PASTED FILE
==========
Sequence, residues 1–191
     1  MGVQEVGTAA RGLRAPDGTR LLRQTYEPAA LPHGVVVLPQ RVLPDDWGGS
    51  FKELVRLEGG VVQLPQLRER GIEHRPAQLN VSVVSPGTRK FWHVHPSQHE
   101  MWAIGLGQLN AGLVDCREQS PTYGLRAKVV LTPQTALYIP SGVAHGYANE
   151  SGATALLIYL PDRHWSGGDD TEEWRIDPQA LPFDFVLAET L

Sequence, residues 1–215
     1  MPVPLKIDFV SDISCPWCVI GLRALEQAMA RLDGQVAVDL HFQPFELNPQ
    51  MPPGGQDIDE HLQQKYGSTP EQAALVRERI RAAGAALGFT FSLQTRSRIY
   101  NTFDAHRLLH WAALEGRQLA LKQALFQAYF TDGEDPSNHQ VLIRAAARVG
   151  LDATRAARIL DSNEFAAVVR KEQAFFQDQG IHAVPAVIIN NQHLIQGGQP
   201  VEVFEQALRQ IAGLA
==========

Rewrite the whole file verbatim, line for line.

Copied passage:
Sequence, residues 1–191
     1  MGVQEVGTAA RGLRAPDGTR LLRQTYEPAA LPHGVVVLPQ RVLPDDWGGS
    51  FKELVRLEGG VVQLPQLRER GIEHRPAQLN VSVVSPGTRK FWHVHPSQHE
   101  MWAIGLGQLN AGLVDCREQS PTYGLRAKVV LTPQTALYIP SGVAHGYANE
   151  SGATALLIYL PDRHWSGGDD TEEWRIDPQA LPFDFVLAET L

Sequence, residues 1–215
     1  MPVPLKIDFV SDISCPWCVI GLRALEQAMA RLDGQVAVDL HFQPFELNPQ
    51  MPPGGQDIDE HLQQKYGSTP EQAALVRERI RAAGAALGFT FSLQTRSRIY
   101  NTFDAHRLLH WAALEGRQLA LKQALFQAYF TDGEDPSNHQ VLIRAAARVG
   151  LDATRAARIL DSNEFAAVVR KEQAFFQDQG IHAVPAVIIN NQHLIQGGQP
   201  VEVFEQALRQ IAGLA